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The Mystery of the Jurassic
I just watched "The Mystery of the Jurassic" on the ABC here in
Australia on wednesday night. The mystery is why I bothered to watch it
all the way to the end. Prepare yourself for rampant sarcasm...
What a load of clap-trap! (Although I had another "c" word in mind). If
you took all the recycled WWD footage out of it, the one hour program
would have gone for all of 15-20 minutes.
My favourite part was when the voice-over guy was waxing lyrical with
the usual hyperbole. He finally came to the end of his dramatic
statement, with the words "... the Late Jurassic", accompanied by a
crescendo in the equally dramatic music, and we are shown dramatic
footage of a pair of Tyrannosaurs fighting (in a dramatic fashion).
A dense layer of fish fossils in Middle Jurassic S.American layers shows
them in contorted positions. Proof that they died horrible agonising
deaths due to wide-spread volcanic fall-out? Or just an isolated
fish-kill event where the water hole dried up, causing the drying fish
carcasses to twist about? I immediately thought of the latter (remember
how contorted dinosaur fossils were once used as proof of poisoning - a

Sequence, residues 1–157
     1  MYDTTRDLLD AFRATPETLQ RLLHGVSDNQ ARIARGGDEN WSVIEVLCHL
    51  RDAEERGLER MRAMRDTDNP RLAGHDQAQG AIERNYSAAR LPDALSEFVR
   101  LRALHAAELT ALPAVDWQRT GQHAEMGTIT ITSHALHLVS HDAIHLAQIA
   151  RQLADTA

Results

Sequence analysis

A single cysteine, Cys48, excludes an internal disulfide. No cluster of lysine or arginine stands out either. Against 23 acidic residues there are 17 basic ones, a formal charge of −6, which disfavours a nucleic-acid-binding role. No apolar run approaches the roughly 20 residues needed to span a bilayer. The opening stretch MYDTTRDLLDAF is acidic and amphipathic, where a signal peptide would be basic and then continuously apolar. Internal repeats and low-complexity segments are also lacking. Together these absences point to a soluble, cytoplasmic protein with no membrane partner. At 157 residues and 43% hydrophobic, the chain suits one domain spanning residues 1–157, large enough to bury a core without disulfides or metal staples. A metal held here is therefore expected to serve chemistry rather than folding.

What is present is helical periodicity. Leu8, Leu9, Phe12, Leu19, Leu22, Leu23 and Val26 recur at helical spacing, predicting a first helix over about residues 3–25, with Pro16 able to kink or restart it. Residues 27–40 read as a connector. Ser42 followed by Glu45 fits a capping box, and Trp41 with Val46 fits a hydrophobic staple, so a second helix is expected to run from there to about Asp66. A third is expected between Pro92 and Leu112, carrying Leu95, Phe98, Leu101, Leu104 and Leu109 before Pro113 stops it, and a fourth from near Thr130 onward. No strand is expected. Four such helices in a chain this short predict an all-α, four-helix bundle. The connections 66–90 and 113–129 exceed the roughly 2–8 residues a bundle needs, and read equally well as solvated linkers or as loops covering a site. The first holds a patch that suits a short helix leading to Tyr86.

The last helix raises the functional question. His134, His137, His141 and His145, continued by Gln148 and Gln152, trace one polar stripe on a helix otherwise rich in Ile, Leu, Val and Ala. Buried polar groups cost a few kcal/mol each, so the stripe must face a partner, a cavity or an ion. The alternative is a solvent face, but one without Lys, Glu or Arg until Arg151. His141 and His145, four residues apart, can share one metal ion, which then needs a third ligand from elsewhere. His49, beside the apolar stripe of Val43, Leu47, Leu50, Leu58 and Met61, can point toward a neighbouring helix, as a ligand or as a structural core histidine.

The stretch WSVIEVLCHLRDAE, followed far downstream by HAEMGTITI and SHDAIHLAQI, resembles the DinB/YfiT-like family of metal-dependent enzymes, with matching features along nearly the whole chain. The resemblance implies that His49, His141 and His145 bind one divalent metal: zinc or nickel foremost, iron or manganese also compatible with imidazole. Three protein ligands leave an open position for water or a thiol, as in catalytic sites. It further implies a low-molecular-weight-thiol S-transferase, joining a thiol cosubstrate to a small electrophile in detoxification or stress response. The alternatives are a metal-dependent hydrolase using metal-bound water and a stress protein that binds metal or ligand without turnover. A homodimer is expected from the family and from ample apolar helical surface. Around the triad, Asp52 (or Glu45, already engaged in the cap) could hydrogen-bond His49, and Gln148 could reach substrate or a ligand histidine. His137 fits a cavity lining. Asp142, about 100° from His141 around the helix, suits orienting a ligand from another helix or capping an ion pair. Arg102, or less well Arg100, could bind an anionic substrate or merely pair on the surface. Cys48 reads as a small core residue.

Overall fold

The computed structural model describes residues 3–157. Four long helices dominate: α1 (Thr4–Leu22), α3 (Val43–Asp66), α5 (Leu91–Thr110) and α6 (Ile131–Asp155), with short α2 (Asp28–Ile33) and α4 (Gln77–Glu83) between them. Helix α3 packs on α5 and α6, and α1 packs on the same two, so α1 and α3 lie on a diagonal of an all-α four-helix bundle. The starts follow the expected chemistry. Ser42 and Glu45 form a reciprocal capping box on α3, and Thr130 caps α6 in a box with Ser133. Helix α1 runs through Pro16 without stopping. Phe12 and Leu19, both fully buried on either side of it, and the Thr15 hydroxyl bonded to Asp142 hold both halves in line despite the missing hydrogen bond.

theory that has since been abandonded?). However the voice-over guy
pushed the first scenario for its full dramatic effect. What a surprise
when he then told us that the theory wasn't backed up by other evidence!
The whole premise of the program was whether or not dinosaurs became
more varied after the break-up of Pangaea. A palaeontologist shows us a
single partial theropod skeleton from before the break-up. It was
vaguely Allosaur-like. Proof that when S.America was still joined to
N.America, dinosaurs were more conservative across the globe!
Then a mammal specialist looks at a post-break-up mammal jaw from
S.America. It has a small groove in a certain part of the lower jaw that
a mammal jaw of equivalent age from N.America lacked. Wow! Post-Pangaea
mammals were completely different on the two continents! Rapid
evolutionary divergence at work!
Another palaeontologist shows us a sauropod femur from Post-Pangaea
S.America, and compares it with a sauropod femur from N.America of about
the same age. The S.American specimen has a slight bulge near the top of
the femur that the N.American animal lacked. Yet more evidence of the
explosion of variability that occured after the break-up of Pangaea!
Not once did anyone suggest that the apparent lack of variability in
dinosaur forms during Panagean times was due to a smaller sample size of
fossils. Isn't it amazing how, as fossil layers become younger, there
seem to be more dinosaurs? Surely it couldn't be that the older material
is destroyed by geological forces, or that younger deposits tend to be
closer to the surface...
Ouch! My sarcasm gland has swollen from over-use! And the finger I use
to type exclamation marks is sore!
Dann Pigdon Australian Dinosaurs:
GIS / Archaeologist http://www.geocities.com/dannsdinosaurs
Melbourne, Australia http://www.alphalink.com.au/~dannj/